Why Most High-Achievers Are Men.


. .

Women’s move into the workplace has inevitably been accompanied by demands to remake workplaces so as to be more convenient to women. For example, one obvious consequence of female careerism is that many men are tempted to flirt with female coworkers. There is nothing intrinsically wrong with such behavior. As the author points out, flirting is something men have evolved to do, and “the species could not propagate without this behavior.” But most of these men do not come close to the wealthy movie stars and romance novel heroes with which the modern woman’s imagination has been filled. So women have demanded and gotten an administrative and legal regime which prohibits male flirting wherever it is “unwelcome” (i.e., whenever the man is unattractive). This is not merely unfair to these men. As the author points out, another “problem with criminalizing these men is that their labor and contributions are several orders of magnitude more valuable than the contributions of the women who make allegations.” It is also highly hypocritical on the part of women in view of their own demonstrated tendency, as described above, to use their jobs to advance their own sexual strategies.

Government work, being unconstrained by the need for profitability, is better able to absorb the costs of hiring large numbers of women, and accordingly women are 50 percent more likely to work for the government than men. Almost 60 percent of state and local government workers are women.

The feminists whose demands created our present employment regime want, in effect, for the cost of women’s behavior and decisions to be externalized to employers, customers, fellow employees and tax payers. Indeed, once all these hidden costs are factored out, it is unclear just how many “working” women are actually engaged in any sort of productive labor; the author suggests that the numbers may be as low as 30 percent, and there is little evidence women as a whole could ever become truly independent in the economic sense (although many women in the contemporary West are undoubtedly “independent” in the sense that they do as they please).

The cure for such waste is simply not to have many women in highly demanding positions. If they must work, they can be restricted to positions able to tolerate lower dedication.

The extension of political rights to women also involves high and sometimes hidden costs. Female influence in public life, wherever it exists, always follows a pattern which has been termed “the feminine imperative.” Kaine defines it as a “push to shape the social and legal institutions of society such that they benefit women specifically without much interest in whether those changes are harmful to men and civilization generally.” Thus, in contemporary America, women support the growth of the welfare state because its main beneficiaries are single mothers and the disproportionately female elderly population. Although the author does not discuss this, it has recently been suggested that female enthusiasm for “refugees” is a displacement of the maternal instinct to a domain where it is counterproductive. This whole question of the sources of female political behavior might be a fertile domain for scientific research once ideological controls are eased.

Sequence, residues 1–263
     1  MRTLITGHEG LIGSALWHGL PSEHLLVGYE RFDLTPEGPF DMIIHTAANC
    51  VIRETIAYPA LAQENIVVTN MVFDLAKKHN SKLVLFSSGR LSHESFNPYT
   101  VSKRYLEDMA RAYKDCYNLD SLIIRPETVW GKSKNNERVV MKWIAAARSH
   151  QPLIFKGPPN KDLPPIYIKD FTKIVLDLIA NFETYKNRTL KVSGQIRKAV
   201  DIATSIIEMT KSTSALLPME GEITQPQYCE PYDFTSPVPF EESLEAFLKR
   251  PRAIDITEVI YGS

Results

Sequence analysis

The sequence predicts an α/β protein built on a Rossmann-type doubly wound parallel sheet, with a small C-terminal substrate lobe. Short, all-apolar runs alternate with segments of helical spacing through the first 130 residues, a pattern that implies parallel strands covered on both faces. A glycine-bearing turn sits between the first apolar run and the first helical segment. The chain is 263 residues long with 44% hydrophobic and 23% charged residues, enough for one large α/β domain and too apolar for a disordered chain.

The author notes that

women have a long history of being the main driving force behind hysterical cultural movements that seek massive top down control of behavior. The temperance movement has a lot of similarity to modern rape and sexual harassment hysteria. In the past, this hysteria was considered a female-specific mental disorder; women seem to be especially susceptible to the combination of highly emotional, frenetic and illogical thinking characteristic of hysteria.

But in recent decades, the very term “hysteria” has been banished from the vocabulary of psychiatry for what may be nothing more than ideological reasons.

Feminists promised that the entry of women into the workforce would unleash enormous reserves of previously untapped human talent and usher in greater prosperity and happiness for all. Instead, it has imposed vast new costs, particularly on men and taxpayers as a whole. And women themselves do not seem particularly happy under the new arrangements either: one in four American women are now on some kind of psychiatric medication just to get through the day.

The sexual consequences of this social revolution have been dire. White birthrates are below replacement across the West, and the most intelligent women are worst affected. As the author states, “the current average age of first birth for highly educated women is 32, and 1 in 4 highly educated women never have any children at all; a deeply dysgenic pattern.”

Kaine is admirably forthright in drawing his conclusions:

The once symbiotic relationship [between the sexes] has morphed into a parasitic relationship where women depend on the coercive power of the government to extract wealth from men while providing little to men in return… In essence, this is a free rider problem in which women want the benefits of civilization, but do not cooperate with the needs of the group to make civilization possible… Progressively larger amounts of money [are] being taken directly from the pockets of men to pay for a largely ungrateful and ever more demanding population of women. This is wealth that productive men should be spending on their own families and children… Reversing the dire consequences of feminist inspired policies and cultural beliefs thus constitute an urgent and existential imperative for the West if it is going to survive.

I couldn’t have put it better myself.

(Counter-Currents, November 2, 2016).

. .